Since the advent of automobile travel a century ago, a handful of pride-filled communities across the country have felt the need to build monuments to honor local history or a popular regional symbol.
Obsessive-compulsive individuals made it their life’s work to build and display a great curiosity. Quirky, artistic visionaries have been driven to leave their fantastic mark on the landscape.
- It’s located along the side of the road for a spontaneous stop.
- It doesn’t cost anything to see.
- It must be positioned for an easy selfie.
- It must be absurd in some way.
Here’s a list of some of America’s most interesting, famous, obscure, and quirky roadside monuments, organized by popular categories. Save the list, clip it to your sun visor, and consult it the next time you’re traveling the highways and byways of this great land.
In 1974, an avant-garde artist group, Ant Farm, and eccentric millionaire Stanley Marsh 3, half-buried 10 Cadillacs, vintage 1949 to 1963, nose-first, along a desolate stretch of Route 66. The display—with each car placed at the same angle as the great pyramid of Giza in Egypt—has become an iconic public art display. The Cadillacs are routinely desecrated by vandals, and visitors are encouraged to bring along a can of paint and add their own graffiti.
Strange, But True …
World’s Largest Ball of Twine
Cawker City, Kansas
This sleepy, crossroads town, population 469, built its identity around a giant ball of twine sitting under a canopy on down- town’s Wisconsin Street. Frank Stoeber started rolling the ball of sisal twine in 1953 and grew it to 5,000 pounds in four years. He then offered it to the town in 1961. Surprisingly, the town accepted the donation. If you arrive in August, you may be lucky enough add to the ball during the town’s Twine-a-thon. The ball is estimated to weigh almost 20,000 pounds and growing.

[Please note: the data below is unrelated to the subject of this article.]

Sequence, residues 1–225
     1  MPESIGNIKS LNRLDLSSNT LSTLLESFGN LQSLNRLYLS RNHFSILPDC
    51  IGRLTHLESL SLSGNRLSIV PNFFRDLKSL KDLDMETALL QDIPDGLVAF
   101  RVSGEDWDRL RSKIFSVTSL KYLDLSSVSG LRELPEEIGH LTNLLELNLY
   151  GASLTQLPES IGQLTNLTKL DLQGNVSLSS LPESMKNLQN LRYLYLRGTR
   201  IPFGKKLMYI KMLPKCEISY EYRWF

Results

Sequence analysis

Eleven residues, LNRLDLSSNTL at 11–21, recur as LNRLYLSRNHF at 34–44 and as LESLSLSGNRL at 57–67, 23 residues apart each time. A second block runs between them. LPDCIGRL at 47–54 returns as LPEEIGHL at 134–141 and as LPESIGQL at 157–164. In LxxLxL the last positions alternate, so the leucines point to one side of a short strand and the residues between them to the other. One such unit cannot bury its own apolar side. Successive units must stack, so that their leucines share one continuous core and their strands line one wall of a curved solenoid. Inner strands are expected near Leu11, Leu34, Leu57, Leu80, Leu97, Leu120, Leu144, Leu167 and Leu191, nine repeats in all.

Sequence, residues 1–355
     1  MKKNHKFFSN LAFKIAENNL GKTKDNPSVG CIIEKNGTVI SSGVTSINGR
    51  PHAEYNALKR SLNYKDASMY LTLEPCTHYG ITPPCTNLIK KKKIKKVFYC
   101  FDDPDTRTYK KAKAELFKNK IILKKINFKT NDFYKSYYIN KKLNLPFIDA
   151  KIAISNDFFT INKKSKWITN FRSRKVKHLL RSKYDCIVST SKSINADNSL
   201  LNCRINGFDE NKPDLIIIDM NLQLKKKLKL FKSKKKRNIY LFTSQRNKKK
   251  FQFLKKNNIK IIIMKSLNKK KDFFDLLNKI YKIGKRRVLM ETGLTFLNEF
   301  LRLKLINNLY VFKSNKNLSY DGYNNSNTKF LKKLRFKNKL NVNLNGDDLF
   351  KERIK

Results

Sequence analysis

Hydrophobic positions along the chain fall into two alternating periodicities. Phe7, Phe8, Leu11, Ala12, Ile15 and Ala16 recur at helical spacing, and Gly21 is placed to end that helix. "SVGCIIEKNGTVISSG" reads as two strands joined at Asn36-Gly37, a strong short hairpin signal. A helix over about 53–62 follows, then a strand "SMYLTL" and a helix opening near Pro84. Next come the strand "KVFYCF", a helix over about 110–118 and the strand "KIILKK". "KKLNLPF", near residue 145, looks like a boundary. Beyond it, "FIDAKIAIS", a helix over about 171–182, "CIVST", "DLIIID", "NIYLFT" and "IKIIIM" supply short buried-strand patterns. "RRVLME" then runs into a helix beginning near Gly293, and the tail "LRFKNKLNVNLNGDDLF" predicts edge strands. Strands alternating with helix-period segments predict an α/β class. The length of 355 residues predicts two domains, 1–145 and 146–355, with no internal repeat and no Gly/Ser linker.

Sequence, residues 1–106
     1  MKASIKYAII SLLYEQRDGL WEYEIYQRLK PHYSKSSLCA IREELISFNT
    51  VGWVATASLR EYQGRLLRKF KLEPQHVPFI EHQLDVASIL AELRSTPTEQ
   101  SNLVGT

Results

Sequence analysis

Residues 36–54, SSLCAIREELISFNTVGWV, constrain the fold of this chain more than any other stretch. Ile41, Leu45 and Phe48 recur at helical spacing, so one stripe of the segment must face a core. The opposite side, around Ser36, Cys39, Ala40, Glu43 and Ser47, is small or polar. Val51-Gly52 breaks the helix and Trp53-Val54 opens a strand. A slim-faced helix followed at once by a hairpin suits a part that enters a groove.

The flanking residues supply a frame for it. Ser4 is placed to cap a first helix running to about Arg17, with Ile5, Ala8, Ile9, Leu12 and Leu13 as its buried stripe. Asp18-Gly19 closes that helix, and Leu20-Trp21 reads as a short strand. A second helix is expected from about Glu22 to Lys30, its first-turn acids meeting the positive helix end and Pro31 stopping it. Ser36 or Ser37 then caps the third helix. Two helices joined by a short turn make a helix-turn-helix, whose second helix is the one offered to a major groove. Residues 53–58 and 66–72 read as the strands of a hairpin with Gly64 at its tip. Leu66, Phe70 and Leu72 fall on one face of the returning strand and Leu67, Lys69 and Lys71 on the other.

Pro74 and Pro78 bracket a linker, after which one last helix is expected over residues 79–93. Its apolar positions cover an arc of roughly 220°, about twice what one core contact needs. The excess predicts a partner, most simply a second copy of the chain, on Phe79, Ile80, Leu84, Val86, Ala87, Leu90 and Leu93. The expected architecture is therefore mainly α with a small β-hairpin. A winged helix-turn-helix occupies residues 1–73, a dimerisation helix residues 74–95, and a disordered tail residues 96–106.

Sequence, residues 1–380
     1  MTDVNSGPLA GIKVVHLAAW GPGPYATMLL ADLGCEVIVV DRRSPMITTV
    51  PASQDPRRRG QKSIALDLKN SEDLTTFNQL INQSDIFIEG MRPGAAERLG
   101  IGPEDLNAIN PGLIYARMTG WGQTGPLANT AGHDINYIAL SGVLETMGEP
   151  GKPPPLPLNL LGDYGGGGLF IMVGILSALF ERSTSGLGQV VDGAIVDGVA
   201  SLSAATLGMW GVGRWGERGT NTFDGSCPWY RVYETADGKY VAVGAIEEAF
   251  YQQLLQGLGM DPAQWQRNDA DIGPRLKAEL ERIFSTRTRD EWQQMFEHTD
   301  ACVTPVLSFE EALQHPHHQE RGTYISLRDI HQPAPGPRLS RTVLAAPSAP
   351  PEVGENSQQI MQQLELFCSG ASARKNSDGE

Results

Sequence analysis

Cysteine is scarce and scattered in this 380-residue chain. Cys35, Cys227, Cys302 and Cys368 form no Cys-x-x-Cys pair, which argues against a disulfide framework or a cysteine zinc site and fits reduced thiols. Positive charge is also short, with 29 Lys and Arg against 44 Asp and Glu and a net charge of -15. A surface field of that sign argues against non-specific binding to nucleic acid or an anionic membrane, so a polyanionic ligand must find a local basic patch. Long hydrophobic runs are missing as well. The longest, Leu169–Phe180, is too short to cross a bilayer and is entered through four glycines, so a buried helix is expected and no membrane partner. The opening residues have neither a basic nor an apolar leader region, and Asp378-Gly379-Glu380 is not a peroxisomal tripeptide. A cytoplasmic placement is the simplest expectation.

Monuments to American Manufacturing
World’s Largest Catsup Bottle
No, the 70-foot catsup bottle rising over the tree line along Highway 159 east of St. Louis is not filled with America’s favorite condiment. The water tower was erected in 1949 by the once-booming Brooks Foods to provide water for fire protection at its factory. When the whimsical water tower was abandoned in the 1990s, local preservationists took action to save it, and now hold an annual festival to honor its historical significance.
Unreal Giant Tire
Allen Park, Michigan
An 80-foot-tall tire, once serving as a Ferris wheel at the 1964 New York World’s Fair, is now an unofficial welcome sign for the Motor City, located along Interstate 94 just outside of Detroit. It no longer sports the sleek gondolas that carried 2 million visitors at the fair, including First Lady Jacqueline Kennedy and First Kids Caroline and John John, but it remains a tribute to what you can do with 12 tons of fiberglass and a little black paint.
Longaberger’s Basket Building
NOTE: It was announced in February 2016 that the Basket Building would be closed, and employees would relocate to Longaberger’s manufacturing plant in Frayzesburg, Ohio.
On a pleasant drive on Highway 16 in central Ohio, you might be thinking, “Good time to stop for a picnic lunch.’’ And then you encounter the picnic basket for the ages, the seven-story headquarters of the Longaberger Company. The manufacturer of baskets commissioned construction of new offices to be a replica of one of its popular products, only 160 times larger. The whimsical structure opened in 1997 and has been a roadside sensation ever since.
Want to see the rest of the list? Visit pages 180-184 of the 2016 edition of the Farmers’ Almanac for the complete story.